Enceladus is the sixth-largest moon of Saturn. It was discovered in 1789 by William Herschel. Enceladus is only 310 miles in diameter, about a tenth of that of Saturn’s largest moon, Titan, and reflects almost 100% of the sunlight that strikes it. It orbits in the densest part of Saturn’s diffuse E ring, indicating a possible association between the two. Despite the moon’s small size, it has a wide range of terrains ranging from old, heavily cratered surfaces to young, tectonically deformed terrain, with some regions with surface ages as young as 100 million years old.
A water-rich plume vents from the moon’s south polar region. Enceladus is one of only three outer solar system bodies (along with Jupiter’s moon Io and Neptune’s moon Triton) with active volcanoes. Analysis of outgassing suggests that it originates from a body of sub-surface liquid water, which along with the unique chemistry found in the plume, has fueled speculations that Enceladus may be important in the study of astrobiology.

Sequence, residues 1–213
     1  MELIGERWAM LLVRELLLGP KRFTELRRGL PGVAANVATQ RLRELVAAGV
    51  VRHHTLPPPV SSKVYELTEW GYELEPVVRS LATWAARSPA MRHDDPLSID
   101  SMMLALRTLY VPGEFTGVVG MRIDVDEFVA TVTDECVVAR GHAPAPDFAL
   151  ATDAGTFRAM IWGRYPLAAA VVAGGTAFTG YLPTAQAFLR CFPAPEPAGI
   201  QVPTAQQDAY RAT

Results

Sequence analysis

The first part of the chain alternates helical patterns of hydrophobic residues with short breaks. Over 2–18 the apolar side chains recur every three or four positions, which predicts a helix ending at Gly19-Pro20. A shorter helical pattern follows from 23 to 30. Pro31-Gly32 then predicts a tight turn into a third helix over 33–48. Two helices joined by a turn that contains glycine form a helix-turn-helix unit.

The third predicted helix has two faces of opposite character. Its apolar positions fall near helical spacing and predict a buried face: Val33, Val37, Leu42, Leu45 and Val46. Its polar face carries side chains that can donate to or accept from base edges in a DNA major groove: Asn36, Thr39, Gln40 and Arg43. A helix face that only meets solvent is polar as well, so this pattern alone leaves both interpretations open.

Enceladus is one of the major inner satellites of Saturn. It is the fourteenth satellite when ordered by distance from Saturn, and orbits within the densest part of the E Ring, the outermost of Saturn’s rings, an extremely wide but very diffuse disk of microscopic icy or dusty material, beginning at the orbit of Mimas and ending somewhere around the orbit of Rhea.
Enceladus orbits Saturn at a distance of 147886 miles from the planet’s center and 111846 miles from its cloudtops, between the orbits of Mimas and Tethys, requiring 32.9 hours to revolve once (fast enough for its motion to be observed over a single night of observation). Enceladus is currently in a 2:1 mean motion orbital resonance with Dione, completing two orbits of Saturn for every one orbit completed by Dione. This resonance helps maintain Enceladus’s orbital eccentricity (0.0047) and provides a heating source for Enceladus’s geologic activity.
Like most of the larger satellites of Saturn, Enceladus rotates synchronously with its orbital period, keeping one face pointed toward Saturn. Unlike the Earth’s moon, Enceladus does not appear to librate about its spin axis (more than 1.5°). However, analysis of the shape of Enceladus suggests that at some point it was in a 1:4 forced secondary spin-orbit libration. This libration, like the resonance with Dione, could have provided Enceladus with an additional heat source.